If your company wants to improve cash flow, you might consider leasing equipment, vehicles and facilities, rather than buying.
The primary advantage of leasing used to be the tax advantages. But the fact that leasing allows you to conserve cash makes it a form of financing. It’s not an alternative that works for every company so you should consult with a professional to help you compare leasing versus owning.
Almost any asset can be leased these days, from aircraft to oil wells, but leasing usually involves vehicles, heavy equipment, computers and other office equipment. Leasing can be a good option if the assets are subject to rapid obsolescence, you want a quick tax write-off, you can’t afford a large down payment, or you don’t want to take out a loan.
However, there are some downsides:
- You don’t actually own the equipment.
- You don’t build up equity.
- You may pay higher interest than on a loan.
- You could wind up stuck with lease payments when your business no longer needs the equipment.
The following are other business implications to consider:
Insurance. When an insurance policy pays out for the destruction of an owned asset, it usually pays the fair market value. But on a leased asset, the pay out generally is the amount remaining on the lease or whatever the leasing company settles for. That can be substantially less than fair market value if you made a large down payment or the lease is nearing completion and the asset has been well maintained.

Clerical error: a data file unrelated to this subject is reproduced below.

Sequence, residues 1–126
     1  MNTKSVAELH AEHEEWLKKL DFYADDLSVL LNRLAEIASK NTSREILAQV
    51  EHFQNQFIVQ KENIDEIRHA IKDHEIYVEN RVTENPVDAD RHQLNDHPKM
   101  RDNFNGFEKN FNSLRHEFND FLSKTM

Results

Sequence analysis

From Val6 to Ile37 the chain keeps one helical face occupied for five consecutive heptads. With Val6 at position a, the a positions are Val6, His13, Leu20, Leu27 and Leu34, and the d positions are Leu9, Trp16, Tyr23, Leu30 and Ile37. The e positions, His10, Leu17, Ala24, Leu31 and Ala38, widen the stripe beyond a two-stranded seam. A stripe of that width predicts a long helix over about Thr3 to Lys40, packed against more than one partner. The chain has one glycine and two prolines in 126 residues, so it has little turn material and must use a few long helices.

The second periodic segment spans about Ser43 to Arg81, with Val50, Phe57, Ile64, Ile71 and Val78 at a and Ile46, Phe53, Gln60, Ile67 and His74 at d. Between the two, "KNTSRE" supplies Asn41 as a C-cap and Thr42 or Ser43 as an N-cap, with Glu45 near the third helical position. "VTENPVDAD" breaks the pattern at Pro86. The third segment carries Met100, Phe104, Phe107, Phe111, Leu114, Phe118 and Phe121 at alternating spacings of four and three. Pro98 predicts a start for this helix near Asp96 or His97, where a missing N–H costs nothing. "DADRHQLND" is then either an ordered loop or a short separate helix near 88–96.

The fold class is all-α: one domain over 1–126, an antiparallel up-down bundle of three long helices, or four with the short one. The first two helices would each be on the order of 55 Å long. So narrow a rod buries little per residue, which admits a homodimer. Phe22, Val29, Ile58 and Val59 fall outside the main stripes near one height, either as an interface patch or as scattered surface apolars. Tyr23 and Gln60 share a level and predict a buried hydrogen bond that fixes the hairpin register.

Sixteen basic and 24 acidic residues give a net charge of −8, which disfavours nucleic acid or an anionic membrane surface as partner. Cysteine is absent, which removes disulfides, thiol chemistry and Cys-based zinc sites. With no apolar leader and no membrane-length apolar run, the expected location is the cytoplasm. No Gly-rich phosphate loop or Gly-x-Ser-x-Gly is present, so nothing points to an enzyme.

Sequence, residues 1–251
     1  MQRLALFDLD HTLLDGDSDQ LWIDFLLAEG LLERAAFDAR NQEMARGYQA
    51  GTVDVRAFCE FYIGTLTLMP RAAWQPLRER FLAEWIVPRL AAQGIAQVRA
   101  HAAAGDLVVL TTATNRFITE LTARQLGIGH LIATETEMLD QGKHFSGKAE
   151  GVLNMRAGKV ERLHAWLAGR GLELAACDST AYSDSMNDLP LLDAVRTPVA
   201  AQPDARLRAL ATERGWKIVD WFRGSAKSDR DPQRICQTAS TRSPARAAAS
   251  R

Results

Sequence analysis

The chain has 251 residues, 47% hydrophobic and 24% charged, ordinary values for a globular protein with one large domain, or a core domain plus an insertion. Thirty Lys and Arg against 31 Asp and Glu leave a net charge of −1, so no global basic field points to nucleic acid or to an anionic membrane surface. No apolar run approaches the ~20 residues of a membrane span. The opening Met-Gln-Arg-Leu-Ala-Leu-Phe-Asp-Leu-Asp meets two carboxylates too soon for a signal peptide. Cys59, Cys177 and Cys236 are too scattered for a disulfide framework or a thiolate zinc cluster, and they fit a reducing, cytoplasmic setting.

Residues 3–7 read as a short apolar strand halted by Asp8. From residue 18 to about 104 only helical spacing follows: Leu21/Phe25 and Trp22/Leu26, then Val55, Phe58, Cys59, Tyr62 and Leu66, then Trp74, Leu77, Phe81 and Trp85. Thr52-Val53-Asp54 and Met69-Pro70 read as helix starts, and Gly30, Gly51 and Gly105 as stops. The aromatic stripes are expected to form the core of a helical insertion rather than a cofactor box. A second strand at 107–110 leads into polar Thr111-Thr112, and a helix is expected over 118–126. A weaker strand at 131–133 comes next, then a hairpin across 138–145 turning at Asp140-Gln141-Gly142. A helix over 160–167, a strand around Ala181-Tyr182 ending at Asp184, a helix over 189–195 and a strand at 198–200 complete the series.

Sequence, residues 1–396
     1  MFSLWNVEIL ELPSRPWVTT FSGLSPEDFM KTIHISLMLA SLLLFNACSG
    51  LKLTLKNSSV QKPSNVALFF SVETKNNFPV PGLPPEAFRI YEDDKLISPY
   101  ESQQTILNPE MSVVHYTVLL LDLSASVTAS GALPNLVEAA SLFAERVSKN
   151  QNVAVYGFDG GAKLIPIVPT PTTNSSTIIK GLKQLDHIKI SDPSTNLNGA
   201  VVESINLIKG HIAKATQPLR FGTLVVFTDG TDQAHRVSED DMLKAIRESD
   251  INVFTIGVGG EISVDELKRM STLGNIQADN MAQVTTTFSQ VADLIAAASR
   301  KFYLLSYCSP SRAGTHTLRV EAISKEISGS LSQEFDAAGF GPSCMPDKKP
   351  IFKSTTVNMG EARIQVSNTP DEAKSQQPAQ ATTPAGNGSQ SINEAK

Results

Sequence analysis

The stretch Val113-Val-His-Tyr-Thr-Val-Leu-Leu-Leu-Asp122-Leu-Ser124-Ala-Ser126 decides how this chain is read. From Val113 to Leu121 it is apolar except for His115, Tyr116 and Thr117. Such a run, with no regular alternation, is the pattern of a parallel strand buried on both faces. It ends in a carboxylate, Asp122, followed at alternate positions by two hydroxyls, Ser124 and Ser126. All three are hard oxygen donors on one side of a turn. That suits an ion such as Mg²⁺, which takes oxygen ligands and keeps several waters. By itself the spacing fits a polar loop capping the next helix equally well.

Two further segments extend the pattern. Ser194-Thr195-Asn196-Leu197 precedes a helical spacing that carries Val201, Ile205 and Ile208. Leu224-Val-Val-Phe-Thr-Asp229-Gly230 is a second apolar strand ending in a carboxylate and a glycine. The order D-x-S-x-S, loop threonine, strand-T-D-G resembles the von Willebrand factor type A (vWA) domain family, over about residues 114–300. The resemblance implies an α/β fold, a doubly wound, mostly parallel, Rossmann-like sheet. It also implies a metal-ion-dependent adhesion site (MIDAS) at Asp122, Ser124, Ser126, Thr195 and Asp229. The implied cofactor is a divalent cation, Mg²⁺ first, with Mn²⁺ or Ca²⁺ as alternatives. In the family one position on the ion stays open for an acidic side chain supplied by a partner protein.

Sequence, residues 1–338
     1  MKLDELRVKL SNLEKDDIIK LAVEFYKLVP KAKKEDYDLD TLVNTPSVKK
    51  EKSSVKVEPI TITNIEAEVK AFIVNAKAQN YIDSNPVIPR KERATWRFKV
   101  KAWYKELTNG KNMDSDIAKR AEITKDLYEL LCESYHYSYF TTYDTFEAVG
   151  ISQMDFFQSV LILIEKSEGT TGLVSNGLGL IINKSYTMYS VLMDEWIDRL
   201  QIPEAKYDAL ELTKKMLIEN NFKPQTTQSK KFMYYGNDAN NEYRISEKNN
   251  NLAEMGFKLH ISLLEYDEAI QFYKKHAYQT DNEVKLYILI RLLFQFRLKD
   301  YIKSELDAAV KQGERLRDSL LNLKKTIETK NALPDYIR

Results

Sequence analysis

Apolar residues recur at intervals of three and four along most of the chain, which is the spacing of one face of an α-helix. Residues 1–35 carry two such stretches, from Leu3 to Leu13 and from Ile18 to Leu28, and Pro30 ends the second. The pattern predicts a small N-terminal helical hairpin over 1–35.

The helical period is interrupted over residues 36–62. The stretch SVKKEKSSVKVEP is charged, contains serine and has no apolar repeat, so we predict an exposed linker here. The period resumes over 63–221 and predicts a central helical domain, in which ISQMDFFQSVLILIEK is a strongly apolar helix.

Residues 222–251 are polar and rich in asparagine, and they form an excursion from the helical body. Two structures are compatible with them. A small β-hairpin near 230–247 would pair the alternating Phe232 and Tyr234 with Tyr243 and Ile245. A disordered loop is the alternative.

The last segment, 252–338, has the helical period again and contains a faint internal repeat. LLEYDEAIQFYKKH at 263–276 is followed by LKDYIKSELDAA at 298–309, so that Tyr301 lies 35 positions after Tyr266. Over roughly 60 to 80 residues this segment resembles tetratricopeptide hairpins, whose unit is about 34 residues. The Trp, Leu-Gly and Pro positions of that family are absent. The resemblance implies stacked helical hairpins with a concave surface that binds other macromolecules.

Obsolescence. Leasing can be cost effective when you need assets such as computers and other electronics because the resale value is low and if you buy, you may wind up frequently upgrading and scrapping old equipment.
Ownership. Since you don’t own the asset, you are out of luck if the leasing company pledges the asset as security and it is seized to satisfy creditors. This has occurred when automobile dealerships went bankrupt and the automobile manufacturer re-possessed leased vehicles.
Liability. Leases are often difficult to get out of, and may not be transferable, leaving you liable for continuing payments even if you no longer need the asset.
Residual Value. Leasing companies don’t want to lose money, so they come up with a residual (or future sale) value at the end of the term. You will likely have to pay the difference between that value and the actual value. However, you won’t be liable for the payment if you return the asset in pristine condition so that it’s worth more that the residual value.
Cash Flow. With the exception of a few assets, including automobiles, leasing often requires little or no down payment when compared with a loan. However, effective interest rates for leases are higher than interest rates for loans.
Read the Fine Print: There’s more to leasing than writing off the cost of the lease. Consult with your advisor to determine if leasing makes sense for your business.